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Scanners that spot smuggled fentanyl at the border sit unused because Congress hasn't provided the cash to install them

The money to install the screeners was in the supplemental funding request Republicans blocked.
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/ Source: NBC New York

Customs and Border Protection has spent millions on the most up-to-date high-tech scanners to spot fentanyl crossing the southern U.S. border, but many scanners are sitting in warehouses unused because Congress hasn’t appropriated funds to install them, acting CBP Commissioner Troy Miller told NBC News.

Miller gave NBC News a tour of a port of entry in Nogales, Arizona, where half of all fentanyl seized at the border is stopped on its way into the U.S. from Mexico.

Officers in Nogales have found fentanyl hidden inside crates of Coca-Cola, where bottles are painted black to look like liquid, sawed in half and filled with fentanyl pills; they’ve confiscated millions in fentanyl pills stuffed inside the water barrel of a commercial bus’ bathroom; they’ve even found fentanyl in cars carrying young children in the back in car seats. More than 95% of fentanyl seized at the border, Miller said, is actually brought into the U.S. in personal vehicles.

The new technology, known as Non-Intrusive Inspection, or NII, lets CBP X-ray a percentage of cars and trucks as they pass through the massive U-shaped screeners, which look something like car washes. Drivers don’t have to get out of their vehicles to be screened, which means traffic can keep flowing through border checkpoints with fewer interruptions. 

But some of the equipment that has been purchased hasn’t yet been put into use, because Congress hasn’t allocated the funding needed to install it. The money to install the screeners was in the supplemental funding request Republicans blocked.

“We do have technology that’s in the warehouse that has been tested. But we need approximately $300 million [to] actually put the technology in the ground,” Miller said. “It’s extremely frustrating.”

Exactly how much equipment is being stored and where is unknown. The contracts to buy the machines totaled in the tens of millions.

border drug detection vehicle car scanner
NII machines are used to detect drugs at the border, but some of scanning machines are sitting in warehouses because of a lack of funds to install them, CBP says.NBC News

A CBP official speaking on background said the Biden administration’s “supplemental funding request would provide funding for civil works projects to allow for NII systems procured with previous-year funds to be installed.”

At the Mariposa Port of Entry in Nogales, which has the new machines installed, Miller met officers watching scans of commercial trucks as they drove through the machines. But in the vast majority of border crossings by vehicles in Nogales and elsewhere, officers still depend on their intuition to tell them when something seems off.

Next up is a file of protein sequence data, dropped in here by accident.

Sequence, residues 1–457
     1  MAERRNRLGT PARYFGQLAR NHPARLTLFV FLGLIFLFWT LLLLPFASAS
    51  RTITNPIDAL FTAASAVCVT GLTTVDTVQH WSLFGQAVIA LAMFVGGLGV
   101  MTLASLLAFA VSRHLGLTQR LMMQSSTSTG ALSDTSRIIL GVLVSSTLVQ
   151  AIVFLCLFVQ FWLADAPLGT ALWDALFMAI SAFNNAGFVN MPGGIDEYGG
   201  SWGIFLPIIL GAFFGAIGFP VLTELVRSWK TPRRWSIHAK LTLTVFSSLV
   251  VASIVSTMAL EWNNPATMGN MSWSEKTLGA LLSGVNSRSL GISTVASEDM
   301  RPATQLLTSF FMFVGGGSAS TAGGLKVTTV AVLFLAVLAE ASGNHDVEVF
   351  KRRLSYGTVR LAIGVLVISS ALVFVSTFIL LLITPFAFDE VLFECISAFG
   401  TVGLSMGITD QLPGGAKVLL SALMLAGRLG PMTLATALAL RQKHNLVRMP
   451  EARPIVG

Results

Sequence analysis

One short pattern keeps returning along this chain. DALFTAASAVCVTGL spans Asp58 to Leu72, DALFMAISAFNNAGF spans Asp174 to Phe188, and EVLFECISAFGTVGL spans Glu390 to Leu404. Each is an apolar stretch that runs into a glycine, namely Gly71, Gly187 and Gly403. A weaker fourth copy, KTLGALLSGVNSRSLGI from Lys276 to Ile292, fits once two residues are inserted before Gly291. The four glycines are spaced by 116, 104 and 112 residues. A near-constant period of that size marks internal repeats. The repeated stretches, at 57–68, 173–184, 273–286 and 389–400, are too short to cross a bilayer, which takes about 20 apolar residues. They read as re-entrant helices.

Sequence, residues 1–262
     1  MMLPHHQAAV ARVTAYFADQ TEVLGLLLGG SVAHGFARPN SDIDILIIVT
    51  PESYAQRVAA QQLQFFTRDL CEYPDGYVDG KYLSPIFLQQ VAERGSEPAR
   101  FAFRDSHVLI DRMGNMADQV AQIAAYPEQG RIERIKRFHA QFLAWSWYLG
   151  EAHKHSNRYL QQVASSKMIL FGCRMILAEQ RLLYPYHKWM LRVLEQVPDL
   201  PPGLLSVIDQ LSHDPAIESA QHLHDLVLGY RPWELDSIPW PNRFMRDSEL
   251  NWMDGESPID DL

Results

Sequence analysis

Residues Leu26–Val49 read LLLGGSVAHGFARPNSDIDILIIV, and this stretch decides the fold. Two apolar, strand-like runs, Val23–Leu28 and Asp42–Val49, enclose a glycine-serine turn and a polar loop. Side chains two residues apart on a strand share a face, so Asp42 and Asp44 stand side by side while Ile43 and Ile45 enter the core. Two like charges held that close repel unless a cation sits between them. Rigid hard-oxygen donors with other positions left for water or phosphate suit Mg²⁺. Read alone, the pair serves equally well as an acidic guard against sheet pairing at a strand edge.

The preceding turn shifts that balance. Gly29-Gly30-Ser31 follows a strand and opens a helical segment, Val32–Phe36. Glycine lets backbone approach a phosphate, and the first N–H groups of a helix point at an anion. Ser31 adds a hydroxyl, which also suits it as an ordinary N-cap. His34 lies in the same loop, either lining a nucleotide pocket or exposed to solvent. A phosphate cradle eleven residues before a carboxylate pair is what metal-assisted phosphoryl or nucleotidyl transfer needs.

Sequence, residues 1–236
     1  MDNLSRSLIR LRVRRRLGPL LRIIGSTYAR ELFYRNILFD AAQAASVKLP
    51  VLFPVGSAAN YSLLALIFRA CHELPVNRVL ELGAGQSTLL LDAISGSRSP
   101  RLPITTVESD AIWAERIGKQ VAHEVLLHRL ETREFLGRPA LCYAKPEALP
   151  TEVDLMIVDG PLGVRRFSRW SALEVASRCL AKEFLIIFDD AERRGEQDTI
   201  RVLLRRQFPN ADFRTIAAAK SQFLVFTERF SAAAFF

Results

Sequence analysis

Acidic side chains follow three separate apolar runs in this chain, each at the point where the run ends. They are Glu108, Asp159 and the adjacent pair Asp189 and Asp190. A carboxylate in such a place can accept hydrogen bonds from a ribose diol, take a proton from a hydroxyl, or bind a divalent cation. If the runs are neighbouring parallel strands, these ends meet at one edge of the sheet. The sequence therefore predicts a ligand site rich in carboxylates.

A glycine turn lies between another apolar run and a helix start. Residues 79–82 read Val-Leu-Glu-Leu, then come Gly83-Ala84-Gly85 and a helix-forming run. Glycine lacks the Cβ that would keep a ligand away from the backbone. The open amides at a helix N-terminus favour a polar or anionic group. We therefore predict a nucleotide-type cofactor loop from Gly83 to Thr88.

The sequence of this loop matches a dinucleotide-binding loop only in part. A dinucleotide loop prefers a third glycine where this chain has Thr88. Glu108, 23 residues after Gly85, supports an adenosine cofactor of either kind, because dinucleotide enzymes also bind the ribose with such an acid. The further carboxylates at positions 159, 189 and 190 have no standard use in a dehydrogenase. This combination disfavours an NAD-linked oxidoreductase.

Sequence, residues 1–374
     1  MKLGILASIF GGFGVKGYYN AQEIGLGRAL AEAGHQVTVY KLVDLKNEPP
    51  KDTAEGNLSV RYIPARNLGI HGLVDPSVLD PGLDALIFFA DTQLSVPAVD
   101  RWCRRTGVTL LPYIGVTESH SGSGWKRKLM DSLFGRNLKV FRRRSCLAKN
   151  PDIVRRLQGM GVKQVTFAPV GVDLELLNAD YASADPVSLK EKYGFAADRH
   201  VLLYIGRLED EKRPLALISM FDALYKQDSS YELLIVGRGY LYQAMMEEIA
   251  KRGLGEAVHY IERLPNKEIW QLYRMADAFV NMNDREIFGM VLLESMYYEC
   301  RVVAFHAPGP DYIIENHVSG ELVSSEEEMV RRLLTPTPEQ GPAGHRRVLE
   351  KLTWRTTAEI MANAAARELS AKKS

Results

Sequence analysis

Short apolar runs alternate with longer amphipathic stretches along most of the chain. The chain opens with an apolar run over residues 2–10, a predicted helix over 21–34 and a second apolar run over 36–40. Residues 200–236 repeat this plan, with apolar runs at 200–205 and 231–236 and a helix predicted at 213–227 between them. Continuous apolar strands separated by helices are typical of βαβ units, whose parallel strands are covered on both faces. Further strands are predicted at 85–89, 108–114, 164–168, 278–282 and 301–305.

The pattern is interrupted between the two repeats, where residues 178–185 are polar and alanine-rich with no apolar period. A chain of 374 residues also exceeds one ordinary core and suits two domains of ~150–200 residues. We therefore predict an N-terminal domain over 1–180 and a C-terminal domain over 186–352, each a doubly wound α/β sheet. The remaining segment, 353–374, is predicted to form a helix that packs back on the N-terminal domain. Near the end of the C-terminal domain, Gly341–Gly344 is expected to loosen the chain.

Artificial intelligence would be likely to make fentanyl scanning more efficient, and CBP would like to use it more, Miller said.

With AI, the officers would be flagged to anomalies in trucks or changes since their last traffic stops in Mexico, such as different license plates, changes in weight or different drivers.

Former acting Homeland Security Secretary Kevin McAleenan sat at the helm of CBP in 2018 and 2019, right as fentanyl trafficking was beginning to spike.

“The vast majority of trade crossing the border is lawful. Over 98% has no violations of any U.S. laws. So they’re really looking for the proverbial needle in the haystack,” McAleenan said. “So what AI can do is tell them if this image that the officer is about to review meets what’s supposed to be in that container.”

McAleenan now runs Pangiam, a company based just outside Washington, D.C., that was recently awarded $21.5 million from CBP to build new technology that can use AI to detect anomalies in traffic coming across the border.

Asked why he didn’t spearhead the use of the technology when he was at DHS, McAleenan said developing it takes many years.

“We did see the increase coming. The efforts we undertook in 2018 reduced overdoses in 2019,” McAleenan said. But knowing what he knows now about fentanyl, “I would really have made an emphasis point about staying on top of this and staying in front of it.”

With increased use of AI, officers would still be in charge of making the final decisions to stop and search vehicles, but the AI could improve the speed and number of vehicles searched. Currently, Miller said, 20% of commercial vehicles are scanned and less than 5% of personal vehicles are scanned. By the end of 2025, he wants CBP to be able to scan 40% of personal and 70% of commercial vehicles. 

So why not scan 100% of all vehicles if it saves a human life?

Miller said that with 1 million people crossing the U.S.-Mexico border every day, scanning every vehicle would “shut down legitimate trade and travel.”

Parents who have lost children, however, are calling on CBP to do more. 

“I think the border needs to be closed. We’re a superhighway,” said Theresa Guerrero of Tucson, Arizona, who lost her 31-year son, Jacob, in 2020 after he ingested cocaine he didn’t know was laced with fentanyl. 

Guerrero is working to get pictures of Jacob and two other young Arizonans who recently died from fentanyl on a billboard that motorists would pass as they drive from the border to Tucson. 

“It makes me sad whenever I see a new name” of someone who has died, “especially in my home state,” she said. “It’s just senseless.”